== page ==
Taro Okamoto, my favorite artist, believed that life is not about accumulating as many of us tend to think, but it’s about using up what we have. When first I read the very first paragraph of Okamoto’s book Jibun no Naka ni Doku o Mote or Have Poison Inside You in English, which expresses that belief of his, I was impressed and inspired. I think I was 16 year old or so, and I didn’t fully understandâ€¦ or feel what he meant.
I wish I could say I learnt the idea of using up my life over the last 10 years, but I started getting it only recently. I came to understand this idea deeper and better by working on designing my life. What kind of person do I want to be? What do I want my life to look like? Answering these questions helped me clarify my vision and move towards it, because it tells me what I need to leave behind in order to get to where I want to go.
Some exercises in Julia Cameron’s book The Artist’s Way gave me some initial momentum. You get asked to get rid of your old clothes and what doesn’t belong to your vision. Once you get used to getting rid of some of your old belongings, you’ll get used to making more room for a new stream. At least that was the case for me.
Thankfully, I’m not an accumulative person in general. Even though I didn’t have many clothes, I still could manage to get rid of my old T-shirts that I didn’t wear anymore. I did have some attachments to them, though.
What makes it hard to let go of personal belongings is probably attachment we have for those items. It seems as though they store our memories and throwing them away is almost like erasing those memories. Of course that’s not really the case, although our belongings might function as triggers for our memories. And I can understand that sentiment about letting go of old memories by throwing away old belongings.
But, I decided that I need to make room for new memories anyway. If I end up forgetting those old memories by losing memory triggers, so be it. I trust my brain for keeping what matters to me. In any case, I’m determined to make new, even greater memories.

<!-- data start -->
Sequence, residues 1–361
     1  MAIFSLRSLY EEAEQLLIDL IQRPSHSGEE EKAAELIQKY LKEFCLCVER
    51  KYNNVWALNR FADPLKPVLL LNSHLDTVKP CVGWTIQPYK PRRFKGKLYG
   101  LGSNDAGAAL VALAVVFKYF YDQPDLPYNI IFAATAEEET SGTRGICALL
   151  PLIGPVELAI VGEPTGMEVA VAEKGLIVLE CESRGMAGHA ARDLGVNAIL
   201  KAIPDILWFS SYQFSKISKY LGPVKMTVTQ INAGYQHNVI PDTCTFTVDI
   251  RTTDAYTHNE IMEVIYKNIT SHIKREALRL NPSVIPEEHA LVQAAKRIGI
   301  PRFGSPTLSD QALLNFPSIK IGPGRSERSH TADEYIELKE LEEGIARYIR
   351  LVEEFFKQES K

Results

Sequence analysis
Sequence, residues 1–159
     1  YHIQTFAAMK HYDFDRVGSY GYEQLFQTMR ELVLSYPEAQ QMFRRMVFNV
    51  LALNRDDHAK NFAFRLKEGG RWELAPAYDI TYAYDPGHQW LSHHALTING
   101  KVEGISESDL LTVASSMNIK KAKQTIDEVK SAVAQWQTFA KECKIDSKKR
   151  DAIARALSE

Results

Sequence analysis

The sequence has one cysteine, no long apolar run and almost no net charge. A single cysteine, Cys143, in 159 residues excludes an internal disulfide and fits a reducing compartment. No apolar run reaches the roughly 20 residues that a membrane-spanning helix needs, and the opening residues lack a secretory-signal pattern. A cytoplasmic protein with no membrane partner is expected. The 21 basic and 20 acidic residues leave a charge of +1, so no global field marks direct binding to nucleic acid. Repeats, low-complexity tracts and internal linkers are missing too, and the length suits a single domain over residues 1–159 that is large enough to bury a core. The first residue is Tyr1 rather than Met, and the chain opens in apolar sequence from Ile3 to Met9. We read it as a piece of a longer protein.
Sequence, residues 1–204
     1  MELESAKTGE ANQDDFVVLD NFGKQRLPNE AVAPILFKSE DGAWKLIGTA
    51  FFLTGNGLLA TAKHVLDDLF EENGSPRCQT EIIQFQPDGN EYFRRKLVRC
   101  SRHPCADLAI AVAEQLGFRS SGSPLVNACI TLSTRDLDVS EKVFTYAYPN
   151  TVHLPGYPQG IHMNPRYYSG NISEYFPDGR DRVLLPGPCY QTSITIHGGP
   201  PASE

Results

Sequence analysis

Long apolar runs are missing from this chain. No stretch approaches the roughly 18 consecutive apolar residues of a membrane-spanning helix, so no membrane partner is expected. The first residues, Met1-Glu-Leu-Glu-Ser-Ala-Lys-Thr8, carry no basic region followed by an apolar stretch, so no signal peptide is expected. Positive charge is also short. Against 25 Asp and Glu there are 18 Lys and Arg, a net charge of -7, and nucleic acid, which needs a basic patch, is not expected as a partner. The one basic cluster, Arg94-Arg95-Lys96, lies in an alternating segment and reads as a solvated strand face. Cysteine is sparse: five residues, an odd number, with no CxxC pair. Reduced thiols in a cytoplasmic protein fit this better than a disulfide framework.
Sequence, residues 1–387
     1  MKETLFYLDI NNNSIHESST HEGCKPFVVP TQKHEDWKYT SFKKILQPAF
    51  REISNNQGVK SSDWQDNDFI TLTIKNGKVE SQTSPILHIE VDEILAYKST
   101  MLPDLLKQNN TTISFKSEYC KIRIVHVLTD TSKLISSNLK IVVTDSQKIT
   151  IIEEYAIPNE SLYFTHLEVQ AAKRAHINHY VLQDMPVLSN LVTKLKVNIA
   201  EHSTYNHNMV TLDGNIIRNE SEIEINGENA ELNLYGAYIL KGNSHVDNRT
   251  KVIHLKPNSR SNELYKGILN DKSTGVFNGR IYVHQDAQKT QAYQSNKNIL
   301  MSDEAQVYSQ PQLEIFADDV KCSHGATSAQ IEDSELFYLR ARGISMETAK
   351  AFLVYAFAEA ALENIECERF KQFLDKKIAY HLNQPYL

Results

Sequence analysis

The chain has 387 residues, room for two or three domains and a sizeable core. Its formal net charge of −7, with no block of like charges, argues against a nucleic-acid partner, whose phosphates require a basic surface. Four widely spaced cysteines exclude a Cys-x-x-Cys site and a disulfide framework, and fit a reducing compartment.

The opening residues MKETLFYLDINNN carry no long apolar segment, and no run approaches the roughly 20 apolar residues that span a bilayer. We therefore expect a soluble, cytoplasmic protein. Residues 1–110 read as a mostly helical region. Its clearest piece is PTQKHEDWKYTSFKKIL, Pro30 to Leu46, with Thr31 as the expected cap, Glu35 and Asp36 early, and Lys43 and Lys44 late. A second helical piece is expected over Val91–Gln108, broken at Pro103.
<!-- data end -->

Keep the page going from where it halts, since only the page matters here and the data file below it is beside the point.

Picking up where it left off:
I’m aiming at becoming minimalistic about my possessions. By ‘minimalistic’, I mean as much as I could pack everything I have in a backpack and be ready to go. It will be really difficult to keep a hundred of books with me given this goal, but I’ll try as much as I can.
Getting rid of clothes was easy for me. I still have some that I could release from my hands, but I guess it’s OK for the time being.
I really don’t have much, apart from CDs and books. I did manage to get rid of most of my CDs – so, what’s left is a pile of books.
Although I cleared some of my books, there are a number of books making towers in my room still. Most of them are specialized books written in English (i.e. philosophy books) and I don’t really want to let them go. In fact, I could, but the problem is that I wouldn’t be able to access to those books at a library in Japan easily. I’ll do something about it though.
Instead of accumulating things in my life, I now want to give and share more. Not necessarily material things, but experiences, feelings and memories. To me, that’s what using up my life means in a nutshell.
On that note, I’ve decided to give away a copy of The Artist’s Way to one lucky person among not-so-many readers of this blog. It’s my copy. If you want to be considered for this give away, please write a comment on this post and tell me your story or tips about letting go of old belongings. I will pick the one lucky person at random on Monday and announce the winner in the next post. In the mean time, have fun letting go of your old belongings…
photo: Magda Sobkowiak